The Red Spring is known as such on account of the blood that flowed from the Holy Grail when it was supposedly brought here by Joseph Arimathea shortly after Christ’s death, though more prosaically it’s because of its dense iron oxide properties. As it is, the chalybeate water issues forth from the Lion’s Head fountain, and flows down to the abbey fish pond; indeed it may be these iron deposits that have spawned such ginormous fish. The mildly ferrous taste is, as you might imagine, an acquired one, though you’re advised not to drink too much – a sip’ll do. While the water’s source remains unknown, what is known is that there was a covered bathhouse here some time in the 18th century, as evidenced by some shallow remains, into which water tumbles from a mini waterfall. The well itself, which sits at the top of these ample, beautifully landscaped gardens, invites further opportunities for quiet contemplation.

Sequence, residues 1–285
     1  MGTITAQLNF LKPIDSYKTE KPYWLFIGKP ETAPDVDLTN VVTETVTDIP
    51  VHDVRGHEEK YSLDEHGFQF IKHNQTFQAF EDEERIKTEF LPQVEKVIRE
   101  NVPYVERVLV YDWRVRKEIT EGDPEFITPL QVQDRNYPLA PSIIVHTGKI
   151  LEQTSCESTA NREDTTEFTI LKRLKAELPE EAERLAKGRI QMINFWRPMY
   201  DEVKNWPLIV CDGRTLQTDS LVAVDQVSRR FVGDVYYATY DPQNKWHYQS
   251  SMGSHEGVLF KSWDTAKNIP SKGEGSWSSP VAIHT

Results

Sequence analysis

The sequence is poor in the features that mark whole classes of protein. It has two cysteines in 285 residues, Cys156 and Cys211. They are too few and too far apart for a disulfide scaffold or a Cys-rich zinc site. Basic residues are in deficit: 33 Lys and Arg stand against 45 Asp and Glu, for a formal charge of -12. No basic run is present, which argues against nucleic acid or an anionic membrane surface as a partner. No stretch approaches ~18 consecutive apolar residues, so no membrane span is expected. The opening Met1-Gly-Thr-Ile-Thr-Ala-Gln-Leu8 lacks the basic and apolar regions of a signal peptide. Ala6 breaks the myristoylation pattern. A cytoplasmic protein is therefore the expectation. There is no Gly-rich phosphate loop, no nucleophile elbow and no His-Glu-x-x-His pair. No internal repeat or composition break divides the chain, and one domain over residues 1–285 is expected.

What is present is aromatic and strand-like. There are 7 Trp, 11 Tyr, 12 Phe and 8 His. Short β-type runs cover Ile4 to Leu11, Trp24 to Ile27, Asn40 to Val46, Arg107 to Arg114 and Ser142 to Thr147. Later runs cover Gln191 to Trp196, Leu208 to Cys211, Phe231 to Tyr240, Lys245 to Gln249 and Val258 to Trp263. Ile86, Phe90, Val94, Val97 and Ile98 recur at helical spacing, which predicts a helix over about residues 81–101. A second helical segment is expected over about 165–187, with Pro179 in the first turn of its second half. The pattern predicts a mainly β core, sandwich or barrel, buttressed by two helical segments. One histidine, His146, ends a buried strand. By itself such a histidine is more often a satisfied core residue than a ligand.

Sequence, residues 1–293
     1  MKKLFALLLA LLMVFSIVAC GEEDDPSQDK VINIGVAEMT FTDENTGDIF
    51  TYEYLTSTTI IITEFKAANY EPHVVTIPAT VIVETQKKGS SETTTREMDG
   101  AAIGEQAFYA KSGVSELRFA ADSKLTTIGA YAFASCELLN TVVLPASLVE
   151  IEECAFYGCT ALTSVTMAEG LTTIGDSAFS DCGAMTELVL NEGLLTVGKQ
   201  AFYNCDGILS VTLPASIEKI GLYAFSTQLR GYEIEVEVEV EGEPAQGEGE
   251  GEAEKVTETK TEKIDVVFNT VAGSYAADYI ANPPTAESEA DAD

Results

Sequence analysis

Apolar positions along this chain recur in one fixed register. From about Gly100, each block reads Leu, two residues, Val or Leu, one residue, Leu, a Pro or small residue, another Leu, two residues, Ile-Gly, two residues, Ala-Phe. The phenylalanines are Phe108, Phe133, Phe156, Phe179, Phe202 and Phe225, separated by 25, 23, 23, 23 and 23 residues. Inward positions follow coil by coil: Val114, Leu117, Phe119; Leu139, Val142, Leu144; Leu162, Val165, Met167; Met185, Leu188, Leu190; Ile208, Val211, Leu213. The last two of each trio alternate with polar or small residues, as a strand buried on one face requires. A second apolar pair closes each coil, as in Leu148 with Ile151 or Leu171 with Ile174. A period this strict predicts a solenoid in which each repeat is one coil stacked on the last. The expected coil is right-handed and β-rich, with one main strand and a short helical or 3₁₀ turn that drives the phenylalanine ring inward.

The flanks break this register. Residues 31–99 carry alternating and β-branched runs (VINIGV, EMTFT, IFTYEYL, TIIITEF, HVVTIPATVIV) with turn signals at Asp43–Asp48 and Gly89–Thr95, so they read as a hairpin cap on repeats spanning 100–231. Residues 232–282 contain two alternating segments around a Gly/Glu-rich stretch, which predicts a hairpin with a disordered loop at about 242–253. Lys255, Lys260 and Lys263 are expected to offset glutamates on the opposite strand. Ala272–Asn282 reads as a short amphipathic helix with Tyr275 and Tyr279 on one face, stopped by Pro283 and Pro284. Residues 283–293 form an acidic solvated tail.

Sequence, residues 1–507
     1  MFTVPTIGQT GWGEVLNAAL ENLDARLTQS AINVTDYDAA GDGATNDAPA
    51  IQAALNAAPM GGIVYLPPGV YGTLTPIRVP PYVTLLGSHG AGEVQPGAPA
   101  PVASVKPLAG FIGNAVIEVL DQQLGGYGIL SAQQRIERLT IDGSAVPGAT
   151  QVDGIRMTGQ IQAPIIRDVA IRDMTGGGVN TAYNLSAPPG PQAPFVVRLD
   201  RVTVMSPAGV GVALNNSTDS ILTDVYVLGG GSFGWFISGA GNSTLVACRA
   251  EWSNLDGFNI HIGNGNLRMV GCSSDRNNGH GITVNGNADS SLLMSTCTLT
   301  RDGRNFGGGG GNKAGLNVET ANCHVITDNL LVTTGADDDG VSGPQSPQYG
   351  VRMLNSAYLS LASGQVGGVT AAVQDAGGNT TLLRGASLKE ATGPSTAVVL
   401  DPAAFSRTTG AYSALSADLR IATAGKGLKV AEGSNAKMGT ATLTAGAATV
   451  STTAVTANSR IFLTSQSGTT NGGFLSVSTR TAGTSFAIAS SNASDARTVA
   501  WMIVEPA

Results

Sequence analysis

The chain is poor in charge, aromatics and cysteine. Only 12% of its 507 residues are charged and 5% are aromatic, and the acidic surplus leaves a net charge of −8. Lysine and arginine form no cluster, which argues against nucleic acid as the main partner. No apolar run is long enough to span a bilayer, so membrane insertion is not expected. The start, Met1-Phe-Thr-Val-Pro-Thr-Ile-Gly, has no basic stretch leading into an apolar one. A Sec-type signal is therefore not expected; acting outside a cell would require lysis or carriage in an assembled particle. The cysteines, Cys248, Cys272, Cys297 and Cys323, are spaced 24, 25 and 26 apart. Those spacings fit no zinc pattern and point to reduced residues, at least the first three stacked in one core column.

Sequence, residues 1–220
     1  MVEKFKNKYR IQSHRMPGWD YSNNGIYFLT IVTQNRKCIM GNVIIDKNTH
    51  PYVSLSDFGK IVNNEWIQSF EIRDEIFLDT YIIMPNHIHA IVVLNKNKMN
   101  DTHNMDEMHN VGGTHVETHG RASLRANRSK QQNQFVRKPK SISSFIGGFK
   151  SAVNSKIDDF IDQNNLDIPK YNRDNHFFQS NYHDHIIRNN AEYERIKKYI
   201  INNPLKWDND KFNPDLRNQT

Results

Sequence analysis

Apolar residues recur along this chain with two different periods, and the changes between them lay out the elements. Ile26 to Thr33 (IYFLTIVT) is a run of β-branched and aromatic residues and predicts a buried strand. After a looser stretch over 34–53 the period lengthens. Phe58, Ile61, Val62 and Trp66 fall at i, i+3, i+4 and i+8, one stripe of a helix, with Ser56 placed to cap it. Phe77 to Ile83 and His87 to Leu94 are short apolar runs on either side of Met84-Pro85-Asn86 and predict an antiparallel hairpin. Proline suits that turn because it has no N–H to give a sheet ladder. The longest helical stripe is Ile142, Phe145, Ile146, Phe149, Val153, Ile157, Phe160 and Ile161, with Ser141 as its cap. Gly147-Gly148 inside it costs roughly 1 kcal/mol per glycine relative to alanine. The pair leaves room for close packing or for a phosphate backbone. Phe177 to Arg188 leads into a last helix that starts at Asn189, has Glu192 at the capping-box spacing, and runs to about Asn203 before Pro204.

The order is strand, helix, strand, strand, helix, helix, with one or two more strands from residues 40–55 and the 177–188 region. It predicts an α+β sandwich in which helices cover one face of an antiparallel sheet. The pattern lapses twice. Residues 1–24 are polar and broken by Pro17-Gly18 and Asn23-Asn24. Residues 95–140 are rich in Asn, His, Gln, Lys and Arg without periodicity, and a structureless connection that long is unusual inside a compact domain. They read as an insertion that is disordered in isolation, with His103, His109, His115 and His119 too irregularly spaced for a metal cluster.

Rearing up sharply from the iron-flat Levels and visible for miles around, Somerset’s giant mystic hill (518ft) is yet another local landmark bound by legend – among them that the hill was home to one Gwyn ab Nudd, Lord of the Celtic Underworld. The best way up the tor is via a circular walk starting in the town centre: at the top of the High Street, turn right on to Chilkwell Street then left up Dod Lane; cross the field and walk along Stone Down Lane before turning right along a path through a field, where you begin the ascent (in any case it’s all well signposted). Return down on the exact opposite side, which brings you out near the Chalice Well – you can of course do this in reverse.